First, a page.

Divorce Complaint

If I read that right, COBRA can only be continued for 3 years after separation and absolute divorce and all parties must meet COBRA requirement to qualify. If it is COBRA you may be able to put it into an answer or response to the divorce complaint, but I do not think you can legally carry someone on medical insurance with a private insurance company such as Blue Cross or Cigna unless they are a spouse or other dependent and live at the same address. I believe that other than COBRA, medical insurance would be required to drop at the time of absolute divorce, but I could be wrong about the time. It may be that you can keep it until the policy renews or basically, when it’s time to issue new insurance cards.
I think this is what you were asking.

Stepmother - you are correct. Most insurance policies would not allow the policy sponsor to carry someone other than a spouse or dependent, so COBRA is the only recourse. If the insurance company found out someone was still on your policy that is no longer legally your spouse, you’d be in some trouble.
And COBRA can be expensive to the point of being impractical, so I wouldn’t use it unless absolutely necessary - even though your ex may be paying for the COBRA coverage, it’s really kind of a raw deal. COBRA just means you can still get the coverage, it doesn’t guarantee the coverage will be at your prior rates, so very often insurance jack up the costs when COBRA comes into play. At my old office, we paid $256/mo for family coverage… to continue through COBRA, it was $694/mo.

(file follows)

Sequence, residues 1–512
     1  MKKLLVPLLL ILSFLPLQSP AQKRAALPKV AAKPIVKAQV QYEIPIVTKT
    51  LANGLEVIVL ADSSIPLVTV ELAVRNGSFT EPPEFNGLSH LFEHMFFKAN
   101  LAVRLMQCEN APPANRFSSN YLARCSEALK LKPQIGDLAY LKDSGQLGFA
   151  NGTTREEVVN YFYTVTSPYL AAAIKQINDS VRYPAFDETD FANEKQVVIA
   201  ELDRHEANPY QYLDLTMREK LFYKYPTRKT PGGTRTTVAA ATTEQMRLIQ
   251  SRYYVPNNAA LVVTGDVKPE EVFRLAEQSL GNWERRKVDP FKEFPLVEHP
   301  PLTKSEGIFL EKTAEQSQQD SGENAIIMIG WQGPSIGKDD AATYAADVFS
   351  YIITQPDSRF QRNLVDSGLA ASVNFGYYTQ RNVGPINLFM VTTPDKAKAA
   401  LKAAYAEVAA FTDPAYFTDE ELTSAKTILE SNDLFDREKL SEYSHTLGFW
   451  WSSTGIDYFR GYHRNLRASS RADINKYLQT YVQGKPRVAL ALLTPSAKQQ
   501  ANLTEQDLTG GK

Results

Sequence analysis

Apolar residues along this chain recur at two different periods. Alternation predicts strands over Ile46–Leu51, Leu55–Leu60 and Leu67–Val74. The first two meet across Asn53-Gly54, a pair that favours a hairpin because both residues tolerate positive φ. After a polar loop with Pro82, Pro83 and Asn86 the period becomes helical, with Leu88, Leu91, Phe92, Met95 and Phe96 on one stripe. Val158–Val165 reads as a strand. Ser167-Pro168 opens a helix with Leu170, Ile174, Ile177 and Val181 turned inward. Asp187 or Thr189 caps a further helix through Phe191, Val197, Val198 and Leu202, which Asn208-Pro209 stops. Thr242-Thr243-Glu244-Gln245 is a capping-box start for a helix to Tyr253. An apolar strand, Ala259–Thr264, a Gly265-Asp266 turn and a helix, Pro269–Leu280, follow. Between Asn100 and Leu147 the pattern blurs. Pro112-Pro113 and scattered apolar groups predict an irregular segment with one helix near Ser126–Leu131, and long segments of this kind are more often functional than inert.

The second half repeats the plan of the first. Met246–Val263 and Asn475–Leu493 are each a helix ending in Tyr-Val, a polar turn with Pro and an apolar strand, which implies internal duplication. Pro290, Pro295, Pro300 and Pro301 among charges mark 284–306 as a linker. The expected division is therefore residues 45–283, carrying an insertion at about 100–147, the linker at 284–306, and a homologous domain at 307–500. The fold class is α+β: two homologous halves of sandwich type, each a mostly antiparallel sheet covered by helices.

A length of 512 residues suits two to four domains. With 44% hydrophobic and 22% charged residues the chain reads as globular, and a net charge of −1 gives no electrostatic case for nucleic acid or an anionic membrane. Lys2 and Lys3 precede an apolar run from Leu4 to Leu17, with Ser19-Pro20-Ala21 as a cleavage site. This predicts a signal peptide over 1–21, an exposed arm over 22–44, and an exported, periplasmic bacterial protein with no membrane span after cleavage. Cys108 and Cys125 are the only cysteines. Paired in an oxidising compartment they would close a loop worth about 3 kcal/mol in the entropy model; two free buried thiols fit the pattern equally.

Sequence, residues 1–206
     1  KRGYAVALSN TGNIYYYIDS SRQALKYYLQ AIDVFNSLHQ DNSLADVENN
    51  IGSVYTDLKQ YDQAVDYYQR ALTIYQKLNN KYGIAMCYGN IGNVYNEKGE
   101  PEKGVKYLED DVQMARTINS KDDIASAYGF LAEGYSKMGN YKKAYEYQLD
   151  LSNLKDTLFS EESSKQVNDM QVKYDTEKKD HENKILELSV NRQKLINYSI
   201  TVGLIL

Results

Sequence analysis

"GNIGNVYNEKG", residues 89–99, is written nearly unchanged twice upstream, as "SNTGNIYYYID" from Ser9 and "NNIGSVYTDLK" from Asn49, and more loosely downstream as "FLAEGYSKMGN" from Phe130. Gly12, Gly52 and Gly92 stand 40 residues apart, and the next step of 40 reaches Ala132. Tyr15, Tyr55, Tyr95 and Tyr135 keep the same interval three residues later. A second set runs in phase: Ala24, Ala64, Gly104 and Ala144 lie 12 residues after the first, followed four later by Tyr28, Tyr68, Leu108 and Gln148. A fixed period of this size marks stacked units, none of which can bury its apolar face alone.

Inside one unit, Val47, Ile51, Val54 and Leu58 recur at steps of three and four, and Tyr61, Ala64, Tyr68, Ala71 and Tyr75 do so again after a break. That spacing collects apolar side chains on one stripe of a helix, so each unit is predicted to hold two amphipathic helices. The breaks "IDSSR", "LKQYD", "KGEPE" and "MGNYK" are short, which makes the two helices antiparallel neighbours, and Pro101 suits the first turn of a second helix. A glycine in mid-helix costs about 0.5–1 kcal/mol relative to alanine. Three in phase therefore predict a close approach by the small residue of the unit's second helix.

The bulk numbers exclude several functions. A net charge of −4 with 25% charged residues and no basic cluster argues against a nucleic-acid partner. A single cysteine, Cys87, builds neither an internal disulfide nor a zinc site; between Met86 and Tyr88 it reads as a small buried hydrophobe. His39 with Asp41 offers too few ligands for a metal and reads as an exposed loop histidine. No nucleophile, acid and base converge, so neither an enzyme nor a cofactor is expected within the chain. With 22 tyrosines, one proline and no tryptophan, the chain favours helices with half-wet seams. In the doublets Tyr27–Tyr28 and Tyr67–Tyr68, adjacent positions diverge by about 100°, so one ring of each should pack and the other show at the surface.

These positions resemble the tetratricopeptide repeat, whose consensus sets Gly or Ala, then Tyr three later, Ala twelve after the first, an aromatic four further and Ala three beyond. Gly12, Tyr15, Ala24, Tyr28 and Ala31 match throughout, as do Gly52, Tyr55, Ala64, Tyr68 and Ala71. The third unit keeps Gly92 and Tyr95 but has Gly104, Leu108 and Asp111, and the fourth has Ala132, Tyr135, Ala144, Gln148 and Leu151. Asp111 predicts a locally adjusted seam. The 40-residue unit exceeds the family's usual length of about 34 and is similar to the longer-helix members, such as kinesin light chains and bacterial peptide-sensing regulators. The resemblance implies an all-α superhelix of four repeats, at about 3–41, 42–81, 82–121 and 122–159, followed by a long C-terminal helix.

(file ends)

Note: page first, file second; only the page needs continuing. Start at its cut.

Dear casporter:

Greetings. You can put a request for that in the complaint. Good luck.

Janet L. Fritts
Attorney with Rosen Law Firm

4101 Lake Boone Trail, Suite 500
Raleigh, North Carolina 27607
919.787.6668 main phone
919.256.1665 direct fax

301 McCullough Drive Suite 510
Charlotte, North Carolina 28262
704.644.2831 main voice
704.307.4595 main fax

1829 East Franklin Street, Bldg 600
Chapel Hill, NC 27514
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The response posted above is based upon the limited factual information made available and is not intended as a full and complete response to the question. The only reliable manner to obtain complete and adequate legal advice is to consult with an attorney, fully explain your situation, and allow the attorney sufficient opportunity to research the applicable law and facts required to render an accurate opinion. The basic information provided above is intended as a public service but a full discussion with an attorney should be undertaken before taking any action.

I’ve read on your FAQ section about the COBRA rules for beenfit extension. Is it possible for the plaintiff to specifiy in the complaint, for an otherwise non-complex absolute divorce, that the plaintiff will continue benefits for the spouse for as long as they live or obtain their own otherwise? Or is COBRA the only option?